Another week of tackling projects and wrangling these boys!
This week I determined to make all the phone calls that I have been putting off. The boys have appointments and surgeries scheduled at three different hospitals in Tennessee and Ohio over the next 3 months and we needed to speak with the providers to see which ones could be postponed a bit longer. Levi’s Cincinnati trip and surgery has been canceled completely and we will attempt that one again in the fall. Malachi’s orthopedic and spine surgeons in Nashville didn’t want to cancel their appointments but we did move them to July. And we were able to move 7 other Chattanooga specialist appointments to late summer.
Needless to say, I spent hours and hours on the phone. It is absolutely amazing how much Levi can get into in a matter of seconds! Trying to talk to nurses and chase around a half naked toddler who is swinging his dirty diaper around his head like a lasso is quite the challenge.
Ignore the mess in the above picture. Casualties of me being on the phone!
We had a tiny little adventure this week, which exhausted all four of us. We usually take our youth group to a summer camp in South Carolina but just don’t feel at peace about them going this year. We have been trying to figure out something else we could do with the group and we found a farm about an hour away that has all the things we would need to pull off a youth camp on a small scale with just our group. Obviously we are proceeding with planning knowing that we may have to postpone due to COVID-19.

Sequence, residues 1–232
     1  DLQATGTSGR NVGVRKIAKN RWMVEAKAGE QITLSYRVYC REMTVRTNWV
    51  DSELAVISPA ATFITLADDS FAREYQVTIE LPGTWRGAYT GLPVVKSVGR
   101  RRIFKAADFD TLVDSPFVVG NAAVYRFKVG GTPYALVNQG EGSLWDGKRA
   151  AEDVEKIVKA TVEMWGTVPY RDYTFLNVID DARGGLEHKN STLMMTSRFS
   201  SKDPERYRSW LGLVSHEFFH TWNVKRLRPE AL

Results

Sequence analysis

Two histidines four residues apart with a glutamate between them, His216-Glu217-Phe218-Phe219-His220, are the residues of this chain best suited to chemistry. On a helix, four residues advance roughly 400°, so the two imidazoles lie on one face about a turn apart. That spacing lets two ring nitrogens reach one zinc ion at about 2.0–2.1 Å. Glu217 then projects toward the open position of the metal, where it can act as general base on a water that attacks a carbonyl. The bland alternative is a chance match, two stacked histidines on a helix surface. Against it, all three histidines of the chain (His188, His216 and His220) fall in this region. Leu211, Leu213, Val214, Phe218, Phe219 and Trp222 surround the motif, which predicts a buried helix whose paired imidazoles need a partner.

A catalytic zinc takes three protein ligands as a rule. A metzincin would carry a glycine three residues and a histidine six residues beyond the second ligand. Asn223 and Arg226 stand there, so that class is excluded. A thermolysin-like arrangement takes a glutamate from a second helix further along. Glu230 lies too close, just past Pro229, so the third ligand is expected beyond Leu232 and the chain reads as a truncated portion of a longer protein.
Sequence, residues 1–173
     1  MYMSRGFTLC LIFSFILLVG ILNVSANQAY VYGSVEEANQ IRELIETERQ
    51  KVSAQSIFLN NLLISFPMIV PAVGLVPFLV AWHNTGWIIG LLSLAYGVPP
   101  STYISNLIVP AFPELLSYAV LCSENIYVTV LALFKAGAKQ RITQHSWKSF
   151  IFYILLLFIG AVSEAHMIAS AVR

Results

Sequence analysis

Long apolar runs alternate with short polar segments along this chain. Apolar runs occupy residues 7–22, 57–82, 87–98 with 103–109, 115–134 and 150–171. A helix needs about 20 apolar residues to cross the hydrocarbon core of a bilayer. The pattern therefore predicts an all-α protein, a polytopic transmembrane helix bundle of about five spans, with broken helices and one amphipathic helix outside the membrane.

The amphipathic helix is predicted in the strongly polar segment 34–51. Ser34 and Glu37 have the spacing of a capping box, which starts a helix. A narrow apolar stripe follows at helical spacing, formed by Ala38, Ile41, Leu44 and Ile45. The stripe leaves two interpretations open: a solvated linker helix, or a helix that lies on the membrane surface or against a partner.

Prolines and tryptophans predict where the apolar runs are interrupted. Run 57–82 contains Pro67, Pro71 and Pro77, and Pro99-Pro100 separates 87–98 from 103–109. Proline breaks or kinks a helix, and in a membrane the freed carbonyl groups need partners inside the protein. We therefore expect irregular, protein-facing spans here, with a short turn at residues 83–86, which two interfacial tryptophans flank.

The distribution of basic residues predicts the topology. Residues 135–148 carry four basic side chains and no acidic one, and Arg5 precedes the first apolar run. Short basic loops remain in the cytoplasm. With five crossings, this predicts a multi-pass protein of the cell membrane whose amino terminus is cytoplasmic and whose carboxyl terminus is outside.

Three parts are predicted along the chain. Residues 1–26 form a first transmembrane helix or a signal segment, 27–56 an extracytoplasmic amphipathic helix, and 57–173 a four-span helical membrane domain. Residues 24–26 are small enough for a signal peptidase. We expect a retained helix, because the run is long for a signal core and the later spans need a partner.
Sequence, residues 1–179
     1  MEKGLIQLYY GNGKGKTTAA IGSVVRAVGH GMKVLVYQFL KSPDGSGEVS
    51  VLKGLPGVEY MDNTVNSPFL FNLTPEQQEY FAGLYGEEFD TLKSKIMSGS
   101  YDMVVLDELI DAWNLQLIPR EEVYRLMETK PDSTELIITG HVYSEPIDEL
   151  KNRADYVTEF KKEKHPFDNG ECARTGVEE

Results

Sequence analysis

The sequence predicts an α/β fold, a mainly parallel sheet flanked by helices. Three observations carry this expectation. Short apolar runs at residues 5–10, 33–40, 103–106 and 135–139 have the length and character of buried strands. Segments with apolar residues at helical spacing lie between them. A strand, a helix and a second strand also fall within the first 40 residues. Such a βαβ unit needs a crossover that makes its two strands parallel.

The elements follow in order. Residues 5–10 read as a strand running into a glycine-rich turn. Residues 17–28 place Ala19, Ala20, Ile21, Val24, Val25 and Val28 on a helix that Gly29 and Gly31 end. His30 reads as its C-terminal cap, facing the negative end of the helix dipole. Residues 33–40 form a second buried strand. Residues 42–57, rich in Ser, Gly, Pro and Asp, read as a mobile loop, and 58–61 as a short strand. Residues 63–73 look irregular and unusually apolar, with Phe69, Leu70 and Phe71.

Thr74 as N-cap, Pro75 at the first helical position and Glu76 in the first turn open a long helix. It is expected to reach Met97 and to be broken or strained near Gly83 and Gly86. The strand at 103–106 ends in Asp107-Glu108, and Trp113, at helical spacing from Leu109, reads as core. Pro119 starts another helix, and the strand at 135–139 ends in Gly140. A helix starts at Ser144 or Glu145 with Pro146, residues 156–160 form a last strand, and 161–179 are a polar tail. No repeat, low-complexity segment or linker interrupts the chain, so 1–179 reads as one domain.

The place has small 2 person cabins (think “glamping”/glorified camping) on the property so the teens wouldn’t be sharing confined spaces. It is set up for large weddings with plenty of outdoor places for us to congregate with the group and study God’s word. We feel like this is the direction God is asking us to go, so we are trying to put our fears aside and walk in faith with the planning for the beginning of July. The boys would obviously be coming with us and is the marker we have chosen for their first public venture out of the house.
On Monday we made the drive to the farm to look at the layout and figure out how to arrange the schedule for them. The groundskeeper unlocked the facilities for us to self tour and told us to take our time, so we ended up walking around for 3 hours. It is absolutely perfect for what we want to accomplish and we left there so excited but utterly exhausted. It was a wonderful change of pace.